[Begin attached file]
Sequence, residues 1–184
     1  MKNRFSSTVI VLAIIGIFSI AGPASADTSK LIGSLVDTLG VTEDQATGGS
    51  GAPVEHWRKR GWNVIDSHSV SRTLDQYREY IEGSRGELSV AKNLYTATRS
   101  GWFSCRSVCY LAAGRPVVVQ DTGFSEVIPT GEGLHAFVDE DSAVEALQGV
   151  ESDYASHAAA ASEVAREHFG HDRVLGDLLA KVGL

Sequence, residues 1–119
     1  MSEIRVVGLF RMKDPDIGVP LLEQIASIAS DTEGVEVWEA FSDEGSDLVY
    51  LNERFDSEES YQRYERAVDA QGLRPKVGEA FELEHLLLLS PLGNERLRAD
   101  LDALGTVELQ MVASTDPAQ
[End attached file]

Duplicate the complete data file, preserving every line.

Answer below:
Sequence, residues 1–184
     1  MKNRFSSTVI VLAIIGIFSI AGPASADTSK LIGSLVDTLG VTEDQATGGS
    51  GAPVEHWRKR GWNVIDSHSV SRTLDQYREY IEGSRGELSV AKNLYTATRS
   101  GWFSCRSVCY LAAGRPVVVQ DTGFSEVIPT GEGLHAFVDE DSAVEALQGV
   151  ESDYASHAAA ASEVAREHFG HDRVLGDLLA KVGL

Sequence, residues 1–119
     1  MSEIRVVGLF RMKDPDIGVP LLEQIASIAS DTEGVEVWEA FSDEGSDLVY
    51  LNERFDSEES YQRYERAVDA QGLRPKVGEA FELEHLLLLS PLGNERLRAD
   101  LDALGTVELQ MVASTDPAQ